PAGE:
Basic tightening procedure is simple; from snug, tighten the fasteners in sequence in 3 or 4 approximately equal increments, with a brief pause between each pass (resetting the wrench for the next pass gives you a nice increment for that). Wait a couple of minutes minimum after the last pass, then apply a check pass with the wrench still at the final torque. Do the check pass clockwise or counter clockwise around the bolt pattern (mechanic's choice), not in the pattern dictated by the actual bolt pattern, snuggling any that move back to the final torque. Our tests, and those conducted by others, have confirmed that using more than 3 or 4 incremental steps doesn't make any improvement with regard to reducing preload variation.

None of the above is meant to disparage your comment, just an opportunity to pass along a small amount of what we learned with all that big bucks testing so that the readers of these forums know a bit more about what's going on than less informed wrench twisters.
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Old 11-12-2019, 02:20 PM
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Thanks for the heads up. I've been waiting for this item to come on sale for a while now...

Bob
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Old 11-12-2019, 02:31 PM
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Quote:
Originally Posted by Outrider View Post
As I have mentioned before on these pages, over a period of about 10 years, my employer allowed me to spend a quarter of a million dollars on friction coefficient testing of various thread lubes. During that testing we reinvented the wheel with regard to some aspects of knowledge with regard to establishing a preload using a torque wrench and added to the overall body of knowledge with other findings. One thing that cannot be over emphasized is that your torque wrench, as long as it is consistent, is a minor player in the overall equation. The big player, the one that means that on the best day of your life, carefully applying a specific torque using an established tightening procedure, you will get variation of 33% from the highest preload to the lowest preload in a representative sample ( 5 fasteners is ok, 10 is more to our liking), is variation in the surface finish of the fasteners, even if all are from the same manufacturer's lot. 40 to 60% variation in preload in a sample is not uncommon at all.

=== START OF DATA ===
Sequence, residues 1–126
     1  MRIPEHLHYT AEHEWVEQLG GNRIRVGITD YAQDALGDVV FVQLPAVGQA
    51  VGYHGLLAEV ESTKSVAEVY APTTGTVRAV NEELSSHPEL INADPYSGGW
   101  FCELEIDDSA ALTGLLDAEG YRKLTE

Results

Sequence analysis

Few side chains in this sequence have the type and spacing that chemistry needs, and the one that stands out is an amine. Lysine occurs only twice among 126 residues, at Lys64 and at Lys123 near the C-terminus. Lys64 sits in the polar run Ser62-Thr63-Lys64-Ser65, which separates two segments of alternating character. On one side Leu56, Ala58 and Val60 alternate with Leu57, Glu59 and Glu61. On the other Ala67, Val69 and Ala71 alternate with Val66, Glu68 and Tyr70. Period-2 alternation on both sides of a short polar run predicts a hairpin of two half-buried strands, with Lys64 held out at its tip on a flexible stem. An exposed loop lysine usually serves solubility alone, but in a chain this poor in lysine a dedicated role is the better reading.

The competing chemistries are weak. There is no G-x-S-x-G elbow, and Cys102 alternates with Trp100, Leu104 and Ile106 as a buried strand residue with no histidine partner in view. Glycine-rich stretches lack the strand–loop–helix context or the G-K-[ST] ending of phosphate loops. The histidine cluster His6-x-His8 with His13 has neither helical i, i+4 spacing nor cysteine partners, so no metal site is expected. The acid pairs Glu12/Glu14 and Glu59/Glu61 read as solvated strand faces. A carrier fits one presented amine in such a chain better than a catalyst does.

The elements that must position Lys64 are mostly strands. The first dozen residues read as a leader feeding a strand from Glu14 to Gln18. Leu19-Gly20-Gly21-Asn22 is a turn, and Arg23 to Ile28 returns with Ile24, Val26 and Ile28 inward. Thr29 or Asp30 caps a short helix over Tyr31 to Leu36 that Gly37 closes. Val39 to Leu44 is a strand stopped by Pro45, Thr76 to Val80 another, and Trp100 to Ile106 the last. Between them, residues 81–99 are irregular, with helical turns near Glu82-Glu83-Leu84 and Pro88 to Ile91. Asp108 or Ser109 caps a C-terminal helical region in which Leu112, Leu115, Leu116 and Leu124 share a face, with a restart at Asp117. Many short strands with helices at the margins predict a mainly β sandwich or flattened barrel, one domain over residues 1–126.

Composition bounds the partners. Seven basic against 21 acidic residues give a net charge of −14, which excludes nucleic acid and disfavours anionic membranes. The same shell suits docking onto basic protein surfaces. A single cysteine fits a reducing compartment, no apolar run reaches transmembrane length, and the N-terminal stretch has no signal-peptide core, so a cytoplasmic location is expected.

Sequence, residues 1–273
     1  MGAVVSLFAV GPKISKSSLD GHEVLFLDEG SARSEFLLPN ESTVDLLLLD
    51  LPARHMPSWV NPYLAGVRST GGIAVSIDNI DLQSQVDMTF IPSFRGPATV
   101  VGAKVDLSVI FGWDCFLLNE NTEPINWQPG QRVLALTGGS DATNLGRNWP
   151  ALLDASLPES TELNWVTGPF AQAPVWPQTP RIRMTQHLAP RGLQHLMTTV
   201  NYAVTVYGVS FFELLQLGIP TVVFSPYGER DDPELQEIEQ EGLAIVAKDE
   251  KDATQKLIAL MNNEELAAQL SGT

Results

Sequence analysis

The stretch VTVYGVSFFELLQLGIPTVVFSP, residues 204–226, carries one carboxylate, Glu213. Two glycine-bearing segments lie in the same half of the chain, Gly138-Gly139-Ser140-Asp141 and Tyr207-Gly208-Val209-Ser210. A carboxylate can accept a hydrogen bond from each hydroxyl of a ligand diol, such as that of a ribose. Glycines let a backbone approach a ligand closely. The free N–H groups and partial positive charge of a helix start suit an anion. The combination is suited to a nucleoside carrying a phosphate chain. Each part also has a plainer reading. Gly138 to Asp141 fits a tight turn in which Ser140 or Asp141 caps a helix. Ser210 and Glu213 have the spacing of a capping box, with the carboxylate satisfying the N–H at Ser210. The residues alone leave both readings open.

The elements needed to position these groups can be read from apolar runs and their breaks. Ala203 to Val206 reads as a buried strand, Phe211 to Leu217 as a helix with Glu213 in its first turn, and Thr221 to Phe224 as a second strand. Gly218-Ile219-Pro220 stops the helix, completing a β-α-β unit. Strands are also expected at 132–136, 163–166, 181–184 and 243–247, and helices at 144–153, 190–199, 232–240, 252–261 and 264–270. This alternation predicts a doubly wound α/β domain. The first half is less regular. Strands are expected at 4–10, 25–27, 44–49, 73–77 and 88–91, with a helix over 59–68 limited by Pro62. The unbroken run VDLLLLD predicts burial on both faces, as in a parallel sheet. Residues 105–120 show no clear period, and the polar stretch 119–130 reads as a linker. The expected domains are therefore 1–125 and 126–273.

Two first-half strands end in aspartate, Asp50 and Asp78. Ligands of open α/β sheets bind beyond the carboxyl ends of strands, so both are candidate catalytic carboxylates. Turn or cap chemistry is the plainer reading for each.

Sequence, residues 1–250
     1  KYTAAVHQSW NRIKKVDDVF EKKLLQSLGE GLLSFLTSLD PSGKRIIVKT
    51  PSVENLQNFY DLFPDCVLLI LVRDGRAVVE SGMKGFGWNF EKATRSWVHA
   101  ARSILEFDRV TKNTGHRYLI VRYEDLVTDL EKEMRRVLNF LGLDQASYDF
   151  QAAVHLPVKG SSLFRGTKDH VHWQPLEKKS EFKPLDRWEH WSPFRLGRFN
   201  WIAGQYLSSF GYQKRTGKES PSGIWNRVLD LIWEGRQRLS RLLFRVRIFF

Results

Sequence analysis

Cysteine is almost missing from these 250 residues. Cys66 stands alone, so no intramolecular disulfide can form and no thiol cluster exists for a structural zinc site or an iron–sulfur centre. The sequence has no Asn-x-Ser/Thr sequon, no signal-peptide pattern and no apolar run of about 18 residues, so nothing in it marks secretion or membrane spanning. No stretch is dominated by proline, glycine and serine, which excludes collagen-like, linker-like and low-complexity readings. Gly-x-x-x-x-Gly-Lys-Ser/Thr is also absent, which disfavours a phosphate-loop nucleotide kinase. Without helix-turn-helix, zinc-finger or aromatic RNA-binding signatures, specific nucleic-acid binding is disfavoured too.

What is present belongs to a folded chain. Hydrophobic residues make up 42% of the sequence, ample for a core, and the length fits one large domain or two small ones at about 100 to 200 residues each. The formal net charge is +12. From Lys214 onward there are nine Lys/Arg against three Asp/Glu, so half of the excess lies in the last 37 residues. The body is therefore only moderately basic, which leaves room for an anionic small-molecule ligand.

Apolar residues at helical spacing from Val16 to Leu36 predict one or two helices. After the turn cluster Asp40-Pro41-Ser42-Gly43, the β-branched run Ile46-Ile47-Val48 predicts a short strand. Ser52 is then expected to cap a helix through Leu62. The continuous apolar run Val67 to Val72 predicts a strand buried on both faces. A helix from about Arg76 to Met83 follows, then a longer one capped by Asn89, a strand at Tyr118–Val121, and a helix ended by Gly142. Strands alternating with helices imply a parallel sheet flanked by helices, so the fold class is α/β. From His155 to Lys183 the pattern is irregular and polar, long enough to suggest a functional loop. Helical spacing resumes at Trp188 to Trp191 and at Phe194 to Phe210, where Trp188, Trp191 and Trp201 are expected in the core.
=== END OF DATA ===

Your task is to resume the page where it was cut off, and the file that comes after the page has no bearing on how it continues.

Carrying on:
Basic tightening procedure is simple; from snug, tighten the fasteners in sequence in 3 or 4 approximately equal increments, with a brief pause between each pass (resetting the wrench for the next pass gives you a nice increment for that). Wait a couple of minutes minimum after the last pass, then apply a check pass with the wrench still at the final torque. Do the check pass clockwise or counter clockwise around the bolt pattern (mechanic's choice), not in the pattern dictated by the actual bolt pattern, snuggling any that move back to the final torque. Our tests, and those conducted by others, have confirmed that using more than 3 or 4 incremental steps doesn't make any improvement with regard to reducing preload variation.

None of the above is meant to disparage your comment, just an opportunity to pass along a small amount of what we learned with all that big bucks testing so that the readers of these forums know a bit more about what's going on than less informed wrench twisters.
No problem at all. We learn from people that have more knowledge about a product/process than ourselves. Thanks for sharing that information!